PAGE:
Self-empowerment often underpins contemporary 4th wave Feminism and whilst it of course has myriad positive qualities it is also often criticised as being too self-reflective, a diversion from coming together to create greater change culturally or societally. And yet empowerment as a concept has been branded, re-packaged and sold right back to us. Whilst advertisers cannot sell us sex anymore they are selling us their supposed disgust with sexism instead. As if confidence and self-belief were the thing really missing from the conversations around things like body positivity or female mental health. Advertisers and media flog a stance that it is up to women to change their perspectives and behaviours to “fix” a problem created by them instead of changing themselves. Feel bad about “flaunting your curves”? Well just buy some Spanx and love yourself more. There’s nothing empowering about being told you should love the insecurities they are constantly pointing out to you in the first place.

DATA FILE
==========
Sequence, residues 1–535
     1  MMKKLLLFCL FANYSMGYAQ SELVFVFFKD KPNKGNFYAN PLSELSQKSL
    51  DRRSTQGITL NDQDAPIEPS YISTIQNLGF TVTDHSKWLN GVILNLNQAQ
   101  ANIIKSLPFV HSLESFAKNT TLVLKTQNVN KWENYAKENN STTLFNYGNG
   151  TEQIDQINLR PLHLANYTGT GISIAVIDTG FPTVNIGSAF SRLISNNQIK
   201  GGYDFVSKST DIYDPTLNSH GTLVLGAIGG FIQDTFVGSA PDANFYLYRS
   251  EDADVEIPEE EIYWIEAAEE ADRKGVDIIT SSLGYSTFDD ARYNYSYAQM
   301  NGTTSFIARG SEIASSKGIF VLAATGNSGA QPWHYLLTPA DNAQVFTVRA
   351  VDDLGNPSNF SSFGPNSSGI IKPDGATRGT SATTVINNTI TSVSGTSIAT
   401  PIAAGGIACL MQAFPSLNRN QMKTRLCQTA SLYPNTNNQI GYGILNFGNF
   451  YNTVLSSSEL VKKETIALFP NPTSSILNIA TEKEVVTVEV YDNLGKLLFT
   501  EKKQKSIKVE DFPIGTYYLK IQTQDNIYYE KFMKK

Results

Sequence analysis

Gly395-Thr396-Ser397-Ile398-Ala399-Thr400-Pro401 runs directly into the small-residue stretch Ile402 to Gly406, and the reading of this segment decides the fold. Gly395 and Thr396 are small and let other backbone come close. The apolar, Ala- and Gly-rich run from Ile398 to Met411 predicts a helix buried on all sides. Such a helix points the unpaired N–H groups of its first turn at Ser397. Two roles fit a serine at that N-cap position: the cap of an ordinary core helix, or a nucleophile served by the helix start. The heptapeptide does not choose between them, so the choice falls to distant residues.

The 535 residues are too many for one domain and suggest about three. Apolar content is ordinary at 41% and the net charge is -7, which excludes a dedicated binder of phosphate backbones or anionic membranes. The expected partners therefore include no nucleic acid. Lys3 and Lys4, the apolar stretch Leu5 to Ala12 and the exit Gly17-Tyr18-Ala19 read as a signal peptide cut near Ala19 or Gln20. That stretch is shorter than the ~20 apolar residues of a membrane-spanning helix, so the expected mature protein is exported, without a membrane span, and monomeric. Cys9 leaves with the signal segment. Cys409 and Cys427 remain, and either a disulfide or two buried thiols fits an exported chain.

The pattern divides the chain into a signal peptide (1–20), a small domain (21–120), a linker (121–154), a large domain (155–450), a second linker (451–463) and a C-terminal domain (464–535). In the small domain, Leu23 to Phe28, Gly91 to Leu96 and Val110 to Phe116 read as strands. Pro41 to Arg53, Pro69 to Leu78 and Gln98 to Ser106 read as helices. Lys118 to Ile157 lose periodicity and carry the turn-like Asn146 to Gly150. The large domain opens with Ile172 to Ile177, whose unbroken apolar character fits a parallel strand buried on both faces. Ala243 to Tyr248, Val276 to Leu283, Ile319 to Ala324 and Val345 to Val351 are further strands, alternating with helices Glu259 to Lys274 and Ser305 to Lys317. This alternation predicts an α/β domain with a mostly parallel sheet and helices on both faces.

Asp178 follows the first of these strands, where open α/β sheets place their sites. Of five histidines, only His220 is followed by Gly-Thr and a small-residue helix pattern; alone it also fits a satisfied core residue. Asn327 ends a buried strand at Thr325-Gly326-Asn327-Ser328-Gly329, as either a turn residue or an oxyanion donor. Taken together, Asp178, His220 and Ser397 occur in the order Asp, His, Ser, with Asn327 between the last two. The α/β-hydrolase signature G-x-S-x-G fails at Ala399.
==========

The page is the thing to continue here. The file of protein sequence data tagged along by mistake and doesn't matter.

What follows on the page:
If the ultimate goal of Feminism is to render itself redundant we must really recontextualise what we think both power and equality mean.  Many argue that a refusal to centre women in the politics of equality is rooted in a misogyny that still considers women being the centre of anything as taboo. How can we end the oppression of women, girls and minorities in the world if we cannot focus on the restructuring of the systems that work against them specifically? Those who have power don’t daydream of empowerment. Conversely empowerment and such like “market-place Feminism” can also be seen as a great way to bring the movement out of it’s echo chamber and into the hearts and minds of those who didn’t think that Feminism was for them all along. The democratisation of equality can only be a good thing.